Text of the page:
1. Share your experience, expertise and insight in your line of work
I have to confess, I've held back a little from this, if only because Friends of the Earth has sufficient official channels for communication that I didn't want to muddy the waters. But ... it's the advice from Chris Anderson in Blogging Heroes that's stuck with me here.
Chris Anderson (by James Duncan Davidson from Portland, USA)
Despite serving as the Editor in Chief of Wired while writing The Long Tail, he maintained a separate blog for a variety of good reasons. Not least of which that it allowed him to express his own thoughts and ideas independently as opposed to doing so entirely via the collective platform of the magazine.
Also important: the majority of things that I'd want to write about in relation to my work wouldn't necessarily be covered through official channels - the joys of playing around with social media, the art of grassroots organisation, despatches from the frontline of environmental and social justice campaigning around the Midlands.
This is something that I'm relatively uniquely positioned to comment on, as opposed to, say, the joys of the Hobbit, which I enjoy doing but make me only one voice among many. This can be the USP of the blog.
Finally, there's the argument that everyone working for an organisation should be blogging about their work anyway if they feel the calling - if it works for Microsoft as a form of advocacy, then why shouldn't I?
So, I'm still going to post about films, books and anything else that interests me, but stuff I encounter through work is going to be woven in there too. Above all else, I'll follow my passions.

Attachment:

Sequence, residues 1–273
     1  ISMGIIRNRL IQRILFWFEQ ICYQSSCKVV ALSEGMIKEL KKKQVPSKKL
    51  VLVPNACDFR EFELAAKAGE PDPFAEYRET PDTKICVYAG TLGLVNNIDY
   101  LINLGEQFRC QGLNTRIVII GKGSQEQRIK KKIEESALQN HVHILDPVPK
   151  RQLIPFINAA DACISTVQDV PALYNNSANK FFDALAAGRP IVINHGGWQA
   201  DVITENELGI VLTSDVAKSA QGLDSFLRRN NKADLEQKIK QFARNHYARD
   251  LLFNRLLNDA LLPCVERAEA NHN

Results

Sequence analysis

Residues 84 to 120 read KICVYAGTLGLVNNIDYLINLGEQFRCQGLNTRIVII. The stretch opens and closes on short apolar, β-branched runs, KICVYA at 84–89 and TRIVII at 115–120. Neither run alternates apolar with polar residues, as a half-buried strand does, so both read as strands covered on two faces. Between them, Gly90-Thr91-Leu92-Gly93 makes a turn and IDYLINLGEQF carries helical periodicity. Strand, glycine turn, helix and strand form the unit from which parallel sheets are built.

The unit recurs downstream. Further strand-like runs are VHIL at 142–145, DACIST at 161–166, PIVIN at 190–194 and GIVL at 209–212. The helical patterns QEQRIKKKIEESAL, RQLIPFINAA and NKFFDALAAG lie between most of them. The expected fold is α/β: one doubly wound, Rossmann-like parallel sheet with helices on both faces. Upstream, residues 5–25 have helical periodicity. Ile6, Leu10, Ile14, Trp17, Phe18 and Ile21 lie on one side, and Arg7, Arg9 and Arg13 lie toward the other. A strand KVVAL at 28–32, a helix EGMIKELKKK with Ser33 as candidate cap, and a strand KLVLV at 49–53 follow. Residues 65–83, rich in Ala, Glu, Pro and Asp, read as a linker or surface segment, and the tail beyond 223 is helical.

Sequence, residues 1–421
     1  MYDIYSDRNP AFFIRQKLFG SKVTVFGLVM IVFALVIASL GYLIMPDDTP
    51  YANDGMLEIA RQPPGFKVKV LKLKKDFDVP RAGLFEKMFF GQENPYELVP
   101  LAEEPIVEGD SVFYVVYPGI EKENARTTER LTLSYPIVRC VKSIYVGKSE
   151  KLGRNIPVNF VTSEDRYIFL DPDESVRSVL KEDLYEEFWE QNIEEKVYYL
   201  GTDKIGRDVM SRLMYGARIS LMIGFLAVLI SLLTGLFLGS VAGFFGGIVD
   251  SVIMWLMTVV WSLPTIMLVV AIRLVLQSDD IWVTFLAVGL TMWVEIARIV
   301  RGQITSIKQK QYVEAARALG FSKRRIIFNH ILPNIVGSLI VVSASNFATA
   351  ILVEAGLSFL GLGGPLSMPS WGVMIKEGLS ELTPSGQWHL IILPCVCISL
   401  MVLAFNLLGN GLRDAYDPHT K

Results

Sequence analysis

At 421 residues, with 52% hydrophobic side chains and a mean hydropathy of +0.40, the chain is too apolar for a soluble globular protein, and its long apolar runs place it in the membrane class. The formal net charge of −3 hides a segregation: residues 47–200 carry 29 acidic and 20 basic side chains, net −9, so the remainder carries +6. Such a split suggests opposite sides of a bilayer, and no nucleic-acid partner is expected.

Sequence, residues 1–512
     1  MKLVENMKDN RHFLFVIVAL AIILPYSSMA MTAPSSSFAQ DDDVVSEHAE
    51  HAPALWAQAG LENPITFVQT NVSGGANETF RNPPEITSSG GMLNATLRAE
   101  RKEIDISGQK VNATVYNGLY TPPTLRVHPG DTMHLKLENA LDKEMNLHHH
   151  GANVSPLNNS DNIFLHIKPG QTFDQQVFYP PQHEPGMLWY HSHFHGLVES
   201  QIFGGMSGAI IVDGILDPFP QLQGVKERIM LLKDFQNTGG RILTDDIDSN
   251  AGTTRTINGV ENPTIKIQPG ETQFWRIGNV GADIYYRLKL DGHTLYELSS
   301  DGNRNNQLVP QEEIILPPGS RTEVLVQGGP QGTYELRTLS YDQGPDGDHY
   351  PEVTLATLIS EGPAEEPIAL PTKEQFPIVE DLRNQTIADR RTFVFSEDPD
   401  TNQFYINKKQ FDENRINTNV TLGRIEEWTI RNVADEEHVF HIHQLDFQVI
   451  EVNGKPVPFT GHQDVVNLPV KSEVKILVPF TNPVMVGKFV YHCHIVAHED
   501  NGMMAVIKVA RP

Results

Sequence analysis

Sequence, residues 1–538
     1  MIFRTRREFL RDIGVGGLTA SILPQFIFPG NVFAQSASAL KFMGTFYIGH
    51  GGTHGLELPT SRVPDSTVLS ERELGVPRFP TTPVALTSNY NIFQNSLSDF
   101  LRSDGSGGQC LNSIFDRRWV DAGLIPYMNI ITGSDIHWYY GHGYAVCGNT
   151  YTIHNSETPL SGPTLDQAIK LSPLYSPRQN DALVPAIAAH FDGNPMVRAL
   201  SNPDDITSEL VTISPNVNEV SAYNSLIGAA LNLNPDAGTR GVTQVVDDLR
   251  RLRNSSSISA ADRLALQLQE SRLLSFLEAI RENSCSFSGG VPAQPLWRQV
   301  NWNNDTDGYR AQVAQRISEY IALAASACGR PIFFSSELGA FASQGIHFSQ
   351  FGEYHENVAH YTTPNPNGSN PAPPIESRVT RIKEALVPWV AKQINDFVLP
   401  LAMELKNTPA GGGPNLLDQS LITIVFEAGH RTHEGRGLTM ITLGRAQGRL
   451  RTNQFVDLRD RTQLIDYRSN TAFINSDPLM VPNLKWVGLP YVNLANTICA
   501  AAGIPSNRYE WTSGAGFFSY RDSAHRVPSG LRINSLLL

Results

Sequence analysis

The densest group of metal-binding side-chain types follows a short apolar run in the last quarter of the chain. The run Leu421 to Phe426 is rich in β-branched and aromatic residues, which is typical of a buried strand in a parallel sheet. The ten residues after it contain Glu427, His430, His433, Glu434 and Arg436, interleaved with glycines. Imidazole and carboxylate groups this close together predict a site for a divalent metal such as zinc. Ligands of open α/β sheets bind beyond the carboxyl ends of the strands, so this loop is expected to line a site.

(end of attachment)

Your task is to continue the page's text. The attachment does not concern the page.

2. Go to other blogs and sources, engage in discussion with them, link to them. Specifically, I'm going to:
- Do Follow Friday on Twitter
- Review and recommend some of my favourite blogs (once a month, say)
- Set-up a blog reading list on my dashboard (I read a lot of blogs but I don't do this)
- Add a blogroll of links to the side of my blog.
3. Write lots of posts in one go and schedule them over a period of several weeks.
I'm doing this now - the weekend of the 20 and 21st of Jan, as @rae102011 and I are, if not quite snowbound, more or less stuck in the house unless we want to get snowed on. What else is there to do, now that we've watched the Lion King, save to write, cook and eat?
Some of these posts - like the Storification of HMV's bankruptcy or my report from the Birmingham anti-cuts meeting - have quite a short currency. Others, like my investigation of Cliff-step, the new musical movement which is sweeping the nation, could be dropped in any time or bumped forward if inspiration strikes in the interim,
But this means that I'll - hopefully - have a treasury of posts built up for leaner times. Daily posting is something to aspire to, even if you don't manage it consistently.
4. Get feedback!
Asking people for ideas, thoughts and drollery is something Blogging Heroes' interviewees recommend pretty consistently.And the most successful sequence of posts I've ever run with were the ones for the Butcher Babies caption competition.
So, remembering that asking people a question rounds off a post nicely, but also could be a post in its own right could be a really good idea.
5.Tweeting smart and other self-promotion
A good friend (Hi @onlystephan) reported that the best response he ever got for one of his blog posts was because he proactively @tted the corporate subject of his post in a tweet. I haven't really gone out of my way to do targetted promotion like this, but if done judiciously I think I might be quite a good strategy to try.
So, there you have my five point strategy for ramping up my blog this year - wish me luck!